European sovereign default risk rose to a record after the report, which added to signs the global economic recovery is weakening. The Markit iTraxx SovX Western Europe Index of credit-default swaps insuring the debt of 15 governments rose 11 basis points to 310, surpassing an all-time high closing price of 308 on Aug. 26. Swaps tied to Italian debt jumped 15 basis points to 400, topping last month’s record closing price of 391, according to CMA.

National benchmark indexes gained in all of the 18 western European markets. France’s CAC 40 Index rose 2 percent, the U.K.’s FTSE 100 Index added 3.1 percent and Germany’s DAX Index advanced less than 0.1 percent. Greece’s ASE Index rose 1.3 percent, its first weekly gain in six weeks.

Hargreaves Lansdown Jumps

Hargreaves Lansdown surged 24 percent after the U.K.’s biggest retail broker said full-year net income in the year ended July 31 jumped 50 percent to 91.8 million pounds ($149 million) from 61.3 million pounds a year earlier as revenue increased 31 percent to 207.9 million pounds.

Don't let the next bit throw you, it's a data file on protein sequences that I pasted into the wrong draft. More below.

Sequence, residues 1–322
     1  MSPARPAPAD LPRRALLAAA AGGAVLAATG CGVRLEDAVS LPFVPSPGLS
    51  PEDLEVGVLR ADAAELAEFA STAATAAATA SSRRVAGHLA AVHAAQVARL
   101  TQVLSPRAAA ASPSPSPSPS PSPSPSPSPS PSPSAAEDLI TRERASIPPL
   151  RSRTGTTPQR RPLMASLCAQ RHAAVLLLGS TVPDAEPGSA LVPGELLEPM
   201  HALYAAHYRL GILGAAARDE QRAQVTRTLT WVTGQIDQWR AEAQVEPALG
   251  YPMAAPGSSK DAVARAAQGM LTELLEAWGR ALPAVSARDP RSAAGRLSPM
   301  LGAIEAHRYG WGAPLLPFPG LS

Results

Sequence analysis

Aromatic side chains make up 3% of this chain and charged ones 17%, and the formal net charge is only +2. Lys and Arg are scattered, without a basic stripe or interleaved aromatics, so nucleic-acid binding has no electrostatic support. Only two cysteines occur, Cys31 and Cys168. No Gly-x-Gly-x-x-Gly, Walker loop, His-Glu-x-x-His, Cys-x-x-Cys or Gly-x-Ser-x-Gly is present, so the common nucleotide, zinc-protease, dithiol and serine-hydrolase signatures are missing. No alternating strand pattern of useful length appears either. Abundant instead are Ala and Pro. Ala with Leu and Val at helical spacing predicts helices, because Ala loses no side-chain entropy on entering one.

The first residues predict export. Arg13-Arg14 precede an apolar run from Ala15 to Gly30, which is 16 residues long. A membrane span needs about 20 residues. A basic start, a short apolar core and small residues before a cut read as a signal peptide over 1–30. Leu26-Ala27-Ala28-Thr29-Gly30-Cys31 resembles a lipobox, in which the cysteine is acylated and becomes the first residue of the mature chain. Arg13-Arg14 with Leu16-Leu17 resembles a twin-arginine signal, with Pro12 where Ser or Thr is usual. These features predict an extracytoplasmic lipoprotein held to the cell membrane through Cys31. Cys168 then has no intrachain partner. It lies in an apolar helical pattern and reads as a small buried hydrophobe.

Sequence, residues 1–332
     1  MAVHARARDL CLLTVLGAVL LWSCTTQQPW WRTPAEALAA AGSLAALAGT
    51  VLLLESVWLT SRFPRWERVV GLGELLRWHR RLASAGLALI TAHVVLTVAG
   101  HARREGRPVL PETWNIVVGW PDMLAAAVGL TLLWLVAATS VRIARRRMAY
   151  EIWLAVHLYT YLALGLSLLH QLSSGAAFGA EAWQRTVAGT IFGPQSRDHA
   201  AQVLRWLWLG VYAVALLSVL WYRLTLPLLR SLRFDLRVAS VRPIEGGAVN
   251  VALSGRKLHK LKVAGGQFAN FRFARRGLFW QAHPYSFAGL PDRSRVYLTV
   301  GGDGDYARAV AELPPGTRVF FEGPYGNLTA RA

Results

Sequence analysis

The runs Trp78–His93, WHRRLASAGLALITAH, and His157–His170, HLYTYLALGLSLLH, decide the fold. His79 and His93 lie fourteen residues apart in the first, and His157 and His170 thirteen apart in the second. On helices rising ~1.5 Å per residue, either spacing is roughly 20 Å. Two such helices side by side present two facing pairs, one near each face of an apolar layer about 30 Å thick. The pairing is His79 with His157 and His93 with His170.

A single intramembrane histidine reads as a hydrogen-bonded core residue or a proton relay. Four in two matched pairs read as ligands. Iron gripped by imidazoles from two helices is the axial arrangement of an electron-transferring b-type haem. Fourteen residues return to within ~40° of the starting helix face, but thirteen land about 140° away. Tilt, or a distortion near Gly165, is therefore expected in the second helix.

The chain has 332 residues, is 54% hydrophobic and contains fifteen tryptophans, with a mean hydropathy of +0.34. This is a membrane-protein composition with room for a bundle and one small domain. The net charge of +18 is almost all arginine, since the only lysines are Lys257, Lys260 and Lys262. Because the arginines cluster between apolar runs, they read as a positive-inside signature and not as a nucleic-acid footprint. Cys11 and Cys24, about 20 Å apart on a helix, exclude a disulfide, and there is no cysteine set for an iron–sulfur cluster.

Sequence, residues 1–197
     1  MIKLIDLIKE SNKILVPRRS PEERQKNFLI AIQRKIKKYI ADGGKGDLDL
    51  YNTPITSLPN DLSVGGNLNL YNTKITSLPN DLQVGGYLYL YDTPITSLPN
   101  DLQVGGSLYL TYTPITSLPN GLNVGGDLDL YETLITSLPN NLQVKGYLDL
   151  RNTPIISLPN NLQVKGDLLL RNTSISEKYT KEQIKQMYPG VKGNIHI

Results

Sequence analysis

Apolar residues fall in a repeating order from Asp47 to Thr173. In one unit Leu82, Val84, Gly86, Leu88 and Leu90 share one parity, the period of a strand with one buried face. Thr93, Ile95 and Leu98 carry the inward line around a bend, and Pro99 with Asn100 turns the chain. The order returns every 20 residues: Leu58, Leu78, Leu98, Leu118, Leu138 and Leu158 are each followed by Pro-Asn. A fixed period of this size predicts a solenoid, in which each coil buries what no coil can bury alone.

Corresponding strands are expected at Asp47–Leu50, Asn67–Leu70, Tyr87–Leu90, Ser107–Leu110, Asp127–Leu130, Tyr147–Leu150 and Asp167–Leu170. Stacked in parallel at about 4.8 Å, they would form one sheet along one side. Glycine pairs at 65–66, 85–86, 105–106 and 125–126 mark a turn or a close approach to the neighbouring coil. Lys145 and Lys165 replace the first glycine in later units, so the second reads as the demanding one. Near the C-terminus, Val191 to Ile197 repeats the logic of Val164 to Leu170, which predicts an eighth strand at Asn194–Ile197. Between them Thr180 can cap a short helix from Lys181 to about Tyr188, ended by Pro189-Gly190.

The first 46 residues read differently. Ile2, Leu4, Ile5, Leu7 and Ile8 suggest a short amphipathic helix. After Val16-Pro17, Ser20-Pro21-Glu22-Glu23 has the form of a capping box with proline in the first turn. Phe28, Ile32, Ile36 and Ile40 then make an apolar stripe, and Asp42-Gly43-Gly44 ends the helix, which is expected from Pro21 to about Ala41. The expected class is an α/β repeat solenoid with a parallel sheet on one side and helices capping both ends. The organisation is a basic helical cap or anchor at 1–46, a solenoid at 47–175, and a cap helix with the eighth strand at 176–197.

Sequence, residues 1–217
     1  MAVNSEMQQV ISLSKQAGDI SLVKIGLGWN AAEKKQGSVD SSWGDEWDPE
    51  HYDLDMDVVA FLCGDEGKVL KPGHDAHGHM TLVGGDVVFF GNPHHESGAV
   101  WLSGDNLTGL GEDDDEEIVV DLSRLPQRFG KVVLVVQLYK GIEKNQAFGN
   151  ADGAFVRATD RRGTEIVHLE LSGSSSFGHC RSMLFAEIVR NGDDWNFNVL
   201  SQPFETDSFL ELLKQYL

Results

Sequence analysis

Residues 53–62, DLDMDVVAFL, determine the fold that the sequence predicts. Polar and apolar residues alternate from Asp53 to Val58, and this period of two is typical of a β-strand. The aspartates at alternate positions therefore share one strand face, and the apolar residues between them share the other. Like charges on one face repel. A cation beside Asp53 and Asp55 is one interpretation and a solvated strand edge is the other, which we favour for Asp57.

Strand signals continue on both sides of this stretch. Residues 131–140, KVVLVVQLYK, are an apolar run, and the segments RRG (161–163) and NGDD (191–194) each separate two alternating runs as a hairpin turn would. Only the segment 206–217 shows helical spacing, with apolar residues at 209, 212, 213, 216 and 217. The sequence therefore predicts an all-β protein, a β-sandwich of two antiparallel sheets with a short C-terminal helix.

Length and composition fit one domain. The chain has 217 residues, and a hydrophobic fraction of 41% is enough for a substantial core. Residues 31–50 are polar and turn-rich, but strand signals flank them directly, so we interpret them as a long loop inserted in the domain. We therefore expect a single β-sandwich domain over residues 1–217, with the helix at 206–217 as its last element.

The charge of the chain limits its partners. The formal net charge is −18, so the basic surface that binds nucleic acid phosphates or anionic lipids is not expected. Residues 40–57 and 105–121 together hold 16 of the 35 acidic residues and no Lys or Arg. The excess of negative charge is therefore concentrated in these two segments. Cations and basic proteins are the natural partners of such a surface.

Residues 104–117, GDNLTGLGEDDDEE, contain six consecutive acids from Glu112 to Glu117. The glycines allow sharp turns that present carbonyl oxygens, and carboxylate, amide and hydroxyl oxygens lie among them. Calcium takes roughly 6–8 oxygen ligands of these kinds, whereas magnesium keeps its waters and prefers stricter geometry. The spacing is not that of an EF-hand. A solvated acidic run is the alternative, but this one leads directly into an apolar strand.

Bouygues, the French construction company that also runs telecommunications and media units, gained 15 percent after saying it will buy back 1.25 billion euros ($1.8 billion) of stock at 30 euros a share. The company also lifted its 2011 revenue target to 32 billion euros after reporting second- quarter sales that beat estimates.

Eiffage, a French construction company, plummeted 13 percent after saying net income plunged by 54 percent to 43 million euros.

BHP Billiton, Rio